I don’t think its that big a deal but you know…it’s a juicy quote to lambaste him with for people who make their living feeding on “controversial opinions” like Jim Rome to take up. He must have run the infamous REggie White dissertation on race a thousand times.

  • Anonymous

    My totally unsolicited take:

    The issue is not “he has a right to say what he said.” Of COURSE he does. That doesn’t mean anyone has to like it. I think that Mendenhall is making two separate statements.

    The first statement is that he feels it is wrong to celebrate the death of anyone. Full stop. I don’t agree with the conclusion personally, since what is being celebrated isn’t the taking a human’s life, it’s the satisfaction of some semblance of justice finally being done and relief that he is not alive to do more evil. But arriving at that personal conclusion took some introspection on my part. My instinctual first reaction was actually similar to Mendenhall’s that it is wrong or at least distasteful to celebrate a death. And I certainly cannot fault or condemn someone for coming up with that conclusion.

    The second statement is one of doubt. Mendenhall says we haven’t heard what bin Laden had to say and expresses doubt about the structural causes of the buildings’ collapse. I think this is a much less defensible position. We have heard what bin Laden had to say; he publicized his actions and reasons for the whole world to see. We definitely judge him having heard him speak. As for the collapse, truther arguments notwithstanding, the evidence for the historically accepted position supports that position beyond a reasonable doubt.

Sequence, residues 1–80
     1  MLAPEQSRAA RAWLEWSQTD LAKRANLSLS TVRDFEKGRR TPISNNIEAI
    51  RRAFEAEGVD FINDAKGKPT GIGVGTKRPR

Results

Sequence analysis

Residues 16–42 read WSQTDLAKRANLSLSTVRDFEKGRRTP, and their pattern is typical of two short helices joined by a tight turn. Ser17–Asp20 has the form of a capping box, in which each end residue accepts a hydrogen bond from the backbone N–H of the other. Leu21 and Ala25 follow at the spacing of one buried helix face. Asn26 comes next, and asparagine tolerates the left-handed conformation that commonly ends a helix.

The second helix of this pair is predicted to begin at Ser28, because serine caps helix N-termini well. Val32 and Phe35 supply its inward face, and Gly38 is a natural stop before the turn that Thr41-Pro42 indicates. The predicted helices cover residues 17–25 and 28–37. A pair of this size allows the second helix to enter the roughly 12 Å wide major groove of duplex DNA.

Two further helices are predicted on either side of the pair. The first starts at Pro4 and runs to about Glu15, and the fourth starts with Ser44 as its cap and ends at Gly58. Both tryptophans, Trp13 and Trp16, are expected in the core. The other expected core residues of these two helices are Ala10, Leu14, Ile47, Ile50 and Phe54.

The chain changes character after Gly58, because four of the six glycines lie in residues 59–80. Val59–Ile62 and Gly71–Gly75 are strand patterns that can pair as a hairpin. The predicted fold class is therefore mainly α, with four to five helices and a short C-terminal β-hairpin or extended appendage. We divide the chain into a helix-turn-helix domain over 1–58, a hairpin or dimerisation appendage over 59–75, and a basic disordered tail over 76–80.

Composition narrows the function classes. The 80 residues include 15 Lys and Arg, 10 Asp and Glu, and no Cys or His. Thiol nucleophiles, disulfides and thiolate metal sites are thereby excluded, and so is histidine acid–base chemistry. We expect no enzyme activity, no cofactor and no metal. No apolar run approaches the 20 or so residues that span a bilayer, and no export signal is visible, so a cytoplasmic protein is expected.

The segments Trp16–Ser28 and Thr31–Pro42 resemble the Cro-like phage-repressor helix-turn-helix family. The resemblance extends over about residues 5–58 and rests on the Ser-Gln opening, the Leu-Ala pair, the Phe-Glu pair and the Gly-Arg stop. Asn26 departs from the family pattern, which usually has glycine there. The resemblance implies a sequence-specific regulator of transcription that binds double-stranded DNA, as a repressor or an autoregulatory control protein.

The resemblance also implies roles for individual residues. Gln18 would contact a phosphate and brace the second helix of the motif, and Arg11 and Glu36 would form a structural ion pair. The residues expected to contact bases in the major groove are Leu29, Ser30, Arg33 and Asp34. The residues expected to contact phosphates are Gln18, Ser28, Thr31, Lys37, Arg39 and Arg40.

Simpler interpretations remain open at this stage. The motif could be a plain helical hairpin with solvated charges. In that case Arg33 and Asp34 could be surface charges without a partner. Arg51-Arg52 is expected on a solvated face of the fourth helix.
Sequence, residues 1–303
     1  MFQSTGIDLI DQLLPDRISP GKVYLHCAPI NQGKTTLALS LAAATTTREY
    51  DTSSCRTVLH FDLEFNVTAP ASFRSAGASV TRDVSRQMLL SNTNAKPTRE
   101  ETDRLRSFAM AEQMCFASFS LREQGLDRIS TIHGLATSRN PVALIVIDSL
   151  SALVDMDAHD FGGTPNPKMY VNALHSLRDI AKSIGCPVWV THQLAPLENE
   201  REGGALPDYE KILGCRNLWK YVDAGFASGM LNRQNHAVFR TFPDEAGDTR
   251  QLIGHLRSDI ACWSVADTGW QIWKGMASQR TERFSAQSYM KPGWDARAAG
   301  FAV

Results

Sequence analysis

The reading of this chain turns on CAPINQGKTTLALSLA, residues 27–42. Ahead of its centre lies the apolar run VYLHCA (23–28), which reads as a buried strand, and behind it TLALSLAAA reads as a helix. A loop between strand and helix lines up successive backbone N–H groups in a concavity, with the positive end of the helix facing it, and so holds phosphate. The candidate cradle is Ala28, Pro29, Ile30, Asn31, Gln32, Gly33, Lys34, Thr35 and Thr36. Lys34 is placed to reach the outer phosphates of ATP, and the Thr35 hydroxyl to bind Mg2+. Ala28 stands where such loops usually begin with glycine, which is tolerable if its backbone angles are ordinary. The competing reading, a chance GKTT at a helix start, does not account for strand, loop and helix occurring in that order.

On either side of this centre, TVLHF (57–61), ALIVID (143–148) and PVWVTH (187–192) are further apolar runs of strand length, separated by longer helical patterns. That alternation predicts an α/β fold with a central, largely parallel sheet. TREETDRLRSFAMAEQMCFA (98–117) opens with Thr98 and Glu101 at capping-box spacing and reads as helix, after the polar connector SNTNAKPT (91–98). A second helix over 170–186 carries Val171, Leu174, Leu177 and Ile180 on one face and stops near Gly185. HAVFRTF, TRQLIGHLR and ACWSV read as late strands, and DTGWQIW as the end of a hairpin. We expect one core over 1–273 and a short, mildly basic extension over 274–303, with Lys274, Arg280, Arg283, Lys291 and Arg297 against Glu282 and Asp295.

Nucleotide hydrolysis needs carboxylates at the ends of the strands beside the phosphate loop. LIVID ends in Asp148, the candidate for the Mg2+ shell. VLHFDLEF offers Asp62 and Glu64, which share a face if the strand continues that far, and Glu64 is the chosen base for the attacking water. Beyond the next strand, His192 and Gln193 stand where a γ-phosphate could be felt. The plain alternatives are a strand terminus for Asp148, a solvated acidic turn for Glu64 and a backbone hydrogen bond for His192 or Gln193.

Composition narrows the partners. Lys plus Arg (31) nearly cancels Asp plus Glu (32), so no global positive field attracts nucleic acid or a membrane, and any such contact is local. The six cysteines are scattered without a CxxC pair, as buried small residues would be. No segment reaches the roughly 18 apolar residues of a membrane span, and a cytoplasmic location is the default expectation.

My reaction to this part of the tweets was initially anger. But then I realized something. Mendenhall was all of 13 when the attacks happened. To me it’s something from my young adulthood, and when it happened I was able to bring an adult’s reason, experience, and emotional maturity to bear when hearing news of the events and the arguments in their aftermath. Mendenhall was a child barely in a position to comprehend them. If a supposed authority told you something as a 13 year old child would you have the wherewithal to challenge it? And if you had had little cause even to consider the topic since then, what views would you now hold? Mendenhall is wrong. He expresses a stance that I and others find offensive. But I can’t attribute to malice what I think is rightfully the result of ignorance.

    • GlennW

      Mendenhall is no longer 13 years old; he’s 23. Since 9/11 he’s grown up and has had ample opportunity to research the matter and then contemplate upon it (and in fact the crux of his post very much suggests that he had thought about it in some religious or spiritual terms). He went to college at an institution of higher learning. Mendenhall is free to express his beliefs, but that’s what they are– his beliefs, not some fleeting thoughts that just crossed his mind. The excuse of some fairly innocent “ignorance” or even immaturity is far too easily granted in such instances of intolerance.

      Then there’s the whole business of the Twitter phenomenon. The famous athlete who sets up and uses an account has consciously made the decision that his thoughts and opinions are of such importance that they should be publicly shared with thousands. The athlete isn’t simply being caught off guard in a moment of indiscretion; he’s knowingly broadcasting his opinions– people need to know what I think! So make no mistake, Mendenhall knew exactly what he was doing…